Domboshaba principally consists of dry stonewalls. It was occupied towards the end of the Great Zimbabwe period (1250-1450AD) of the Iron Age. It was a regional trading centre in the classic middle ages. The first part of the site is a hilltop. The second part is at a lower level, in a valley. There are six enclosures on the hill and one main enclosure at the lower level. The most spectacular element is “wall 28” which was rebuilt by archaeologists and incorporates beautiful, flowing dolerite and granite blocks coarsing around boulders and trees.
The archaeology shows that the settlement pattern is such that the chief lived on the hill surrounded by stone walls that formed a series of private courtyard enclosures abutting four houses with thick fire hardened daga floors.
The main enclosure is on the northern end of the site and was guarded by a house on the lower terrace. This is believed to have been occupied by the court clerk whose responsibility was to control access to the chief. In front was an open space that is believed to have been the men’s meeting place.
Below the hill, and to the south is a large stone walled enclosure with a number of daga house remains with hardened house floor remains. This area is believed to have been the residence of the chief’s wives. Commoner houses were believed to be to in the west.
The first reported excavations in Botswana were undertaken here in 1928 by a German group known as the Frobenius Expedition. Chinese celadon porcelain, glass beads and clay birds were found here.
The artifacts and crafts found at the ruins also prove indeed that the Domboshaba hills were an area of trade. Some of these artifacts include gold, copper, ivory, porcelain from China and India, pottery and bones (of both humans and animals).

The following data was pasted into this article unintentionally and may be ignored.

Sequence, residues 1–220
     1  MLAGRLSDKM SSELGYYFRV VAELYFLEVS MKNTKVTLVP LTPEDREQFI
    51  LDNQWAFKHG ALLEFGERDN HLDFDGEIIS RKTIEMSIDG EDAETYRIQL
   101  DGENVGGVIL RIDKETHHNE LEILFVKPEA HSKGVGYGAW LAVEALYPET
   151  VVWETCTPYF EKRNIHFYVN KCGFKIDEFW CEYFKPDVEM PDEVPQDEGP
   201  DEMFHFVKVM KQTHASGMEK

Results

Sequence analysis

These items show that Domboshaba was part of the Eastern coast trade network going as far as Mozambique. Most of these artifacts have been taken to the national museum in Gaborone for preservation purposes.
Domboshaba Ruins have a natural habitat that is home to many birds which include swaison’s francolin (lesogo), guinea fowl (kgaka), laughing dove (lephoi), yellow billed hornbill (korwe), quelea (thaga), and the go-away bird (mokowe). Three panels of rock paintings are located behind Kalakamati village Kgotla. The paintings depict a variety of scenes ranging from dance, hunting, finger prints and various animals which were left behind by the ancestors of Basarwa.
The Lepokole Hills are located 25km north-east of Bobonong and are the southernmost extension of the Matopos Hills in Zimbabwe, and are made up of the same immense granite blocks, often piled high into tall castles.
The site main features are a cave entrance, rock paintings and Stone Age ruins of what was once a significant settlement. A community based tourism project for the development of Lepokole is being administered through the Mapanda Conservation Trust.
Lepokole Rock Paintings are located at approximately 8km north of the village of Lepokole and are generally thought to be an extension of the better-studied rock art of Eastern Zimbabwe. Lepokole rock paintings site is painted on a granite panel existing below an overhang that looks like a cave. Depictions of animals were painted using a fine brush even though it is also possible that some of these paintings were done using fingers. The paintings are characterised by a prominent antelope, probably an eland. The panel also has a kudu, 2 rhinoceros, giraffe and several smaller antelopes painted below the prominent antelope.